Showing posts from February, 2011

Lesson Eleven - Amazing Grace

I hope you enjoy playing this great melody.  Here are a few practice tips:

Amazing Grace has an incomplete measure.  Notice the first measure has only a quarter note.  This is called a pick-up note and should be played on beat three.Watch out for notes that are "tied" together.  You can read about ties in Lesson Five.All the notes for Amazing Grace can be found in the fifth position.Strive to connect the notes and play smoothly - legato.

Study in A Minor

This piece is found in the "Additional Music" section at the back of your book.  Please keep in mind the following when practicing this song:

Use the suggested right hand fingering throughout the entire song - p i m iUse a metronome and work on evenly spacing four notes for every beat (sixteenth notes)Accent the note that is played with the thumb.  It is the melody of the song.Watch the video below for a demonstration of the song "Study in A Minor".

Lesson Nine - The Notes "E", "F", and "G"

Keep in mind the following as you play through the exercises and songs in this lesson:

The notes E, F, and G can be found on the first, second, and third string.  For this book you only need to find them on strings one and two.Try playing the songs Jazz Odyssey and One String Etude in the open, third and fifth positions.Be sure to use the correct fingers.  In some positions you will need to use your pinky.  Be sure to use it.  It needs a lot of practice.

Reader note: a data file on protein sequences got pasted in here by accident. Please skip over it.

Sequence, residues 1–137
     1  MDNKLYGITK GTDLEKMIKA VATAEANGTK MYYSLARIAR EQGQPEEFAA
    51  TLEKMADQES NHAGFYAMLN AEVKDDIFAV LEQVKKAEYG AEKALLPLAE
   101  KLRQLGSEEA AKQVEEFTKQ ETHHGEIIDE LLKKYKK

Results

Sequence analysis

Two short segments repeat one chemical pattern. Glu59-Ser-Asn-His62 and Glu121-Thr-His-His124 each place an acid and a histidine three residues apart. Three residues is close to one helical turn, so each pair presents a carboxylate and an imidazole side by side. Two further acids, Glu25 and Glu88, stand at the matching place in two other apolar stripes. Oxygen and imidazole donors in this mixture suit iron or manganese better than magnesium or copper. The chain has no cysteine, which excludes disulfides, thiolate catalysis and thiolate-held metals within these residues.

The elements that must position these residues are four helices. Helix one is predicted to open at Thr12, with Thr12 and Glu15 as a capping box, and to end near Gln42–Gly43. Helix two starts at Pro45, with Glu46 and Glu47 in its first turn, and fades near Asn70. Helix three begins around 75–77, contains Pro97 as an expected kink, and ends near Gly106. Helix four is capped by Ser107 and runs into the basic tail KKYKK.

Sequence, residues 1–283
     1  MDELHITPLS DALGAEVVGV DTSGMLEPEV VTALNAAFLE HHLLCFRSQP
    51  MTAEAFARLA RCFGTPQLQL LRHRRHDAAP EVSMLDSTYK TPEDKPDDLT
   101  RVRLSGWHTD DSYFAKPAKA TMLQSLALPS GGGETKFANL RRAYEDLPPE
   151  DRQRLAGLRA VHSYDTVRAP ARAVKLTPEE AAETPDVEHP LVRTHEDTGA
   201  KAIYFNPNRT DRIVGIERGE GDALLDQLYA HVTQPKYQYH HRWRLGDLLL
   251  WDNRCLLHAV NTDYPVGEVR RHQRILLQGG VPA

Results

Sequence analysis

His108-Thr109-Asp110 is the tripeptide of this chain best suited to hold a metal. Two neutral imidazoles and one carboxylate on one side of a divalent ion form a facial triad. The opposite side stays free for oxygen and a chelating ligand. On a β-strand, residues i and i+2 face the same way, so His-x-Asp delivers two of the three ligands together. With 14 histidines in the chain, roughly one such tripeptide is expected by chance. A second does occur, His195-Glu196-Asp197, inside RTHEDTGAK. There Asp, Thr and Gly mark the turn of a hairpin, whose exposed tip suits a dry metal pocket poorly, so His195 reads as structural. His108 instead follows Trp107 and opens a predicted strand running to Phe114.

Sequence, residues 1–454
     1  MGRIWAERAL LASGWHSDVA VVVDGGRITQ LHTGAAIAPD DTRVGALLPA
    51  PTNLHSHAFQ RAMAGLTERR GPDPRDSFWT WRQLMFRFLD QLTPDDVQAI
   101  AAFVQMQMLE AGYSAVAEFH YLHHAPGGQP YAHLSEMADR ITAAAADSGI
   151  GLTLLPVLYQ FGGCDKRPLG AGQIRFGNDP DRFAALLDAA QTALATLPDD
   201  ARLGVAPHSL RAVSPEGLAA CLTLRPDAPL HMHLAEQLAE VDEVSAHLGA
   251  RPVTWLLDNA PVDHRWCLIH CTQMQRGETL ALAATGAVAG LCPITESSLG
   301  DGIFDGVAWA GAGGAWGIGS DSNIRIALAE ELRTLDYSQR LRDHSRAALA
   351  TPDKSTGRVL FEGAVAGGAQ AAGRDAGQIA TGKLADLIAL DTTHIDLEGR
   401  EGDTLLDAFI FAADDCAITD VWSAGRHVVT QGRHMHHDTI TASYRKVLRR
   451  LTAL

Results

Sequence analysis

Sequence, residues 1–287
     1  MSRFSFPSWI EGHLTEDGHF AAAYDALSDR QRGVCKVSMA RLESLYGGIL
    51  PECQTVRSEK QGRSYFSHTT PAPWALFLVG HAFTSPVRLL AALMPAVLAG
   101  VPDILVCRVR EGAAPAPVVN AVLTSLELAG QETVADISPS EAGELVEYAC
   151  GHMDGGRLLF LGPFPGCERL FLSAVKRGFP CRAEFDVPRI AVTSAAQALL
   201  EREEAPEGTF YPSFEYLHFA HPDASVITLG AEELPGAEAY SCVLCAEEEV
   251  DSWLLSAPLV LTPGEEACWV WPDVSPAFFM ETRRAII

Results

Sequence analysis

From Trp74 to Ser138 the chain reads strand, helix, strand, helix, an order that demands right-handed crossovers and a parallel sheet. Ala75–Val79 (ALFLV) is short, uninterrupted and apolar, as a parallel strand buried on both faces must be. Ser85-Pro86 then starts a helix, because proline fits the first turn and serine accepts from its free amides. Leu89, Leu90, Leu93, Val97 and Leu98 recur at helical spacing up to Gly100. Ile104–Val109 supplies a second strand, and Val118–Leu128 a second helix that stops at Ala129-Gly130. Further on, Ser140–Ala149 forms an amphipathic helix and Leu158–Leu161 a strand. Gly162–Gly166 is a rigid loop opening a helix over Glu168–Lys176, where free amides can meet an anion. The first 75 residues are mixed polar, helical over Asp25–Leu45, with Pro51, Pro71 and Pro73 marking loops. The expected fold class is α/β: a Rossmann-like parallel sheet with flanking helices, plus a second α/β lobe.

Lesson Eight - The Natural Notes

This lessons will teach you how to find the natural notes on the guitar.  On the piano, the natural notes are all the white keys.  Be sure to read this lesson and then fill in the neck diagram with all the natural notes up to the 12th fret.  You can check your work by looking at the completed neck diagram at the end of the lesson.  No peeking!  Do your homework first!

Lesson Seven - Reading Music

This is a great lesson to read especially if you have no background in reading music.  This lesson will teach you about standard notation.  This is the "industry standard" for notating music. Basically, this lesson has nothing to do with the guitar.  It's more about music than it is about the guitar.

Be sure to do the note quiz at the end of the lesson.

Lesson Eleven - The Notes A, B, and C

These notes are to be played in the fifth position.  Here are a few practice tips:

In the fifth position play the following notes: C, D, E, F, G, A, B,  and CThese are the notes of the C major scale.  These are the notes of the first exercise on the following page.I recommend that you play this scale as an exercise.  As a technical exercise, be sure you play on the tips of your fingers and keep your thumb low on the neck.As a rhythm exercise, put your metronome at a very low speed and practice playing one note/click (quarter notes), two notes/click (eighth notes), three notes/click (triplets), and four notes/click (sixteenth notes).  Be sure to use down and up strokes when playing more than one note/click.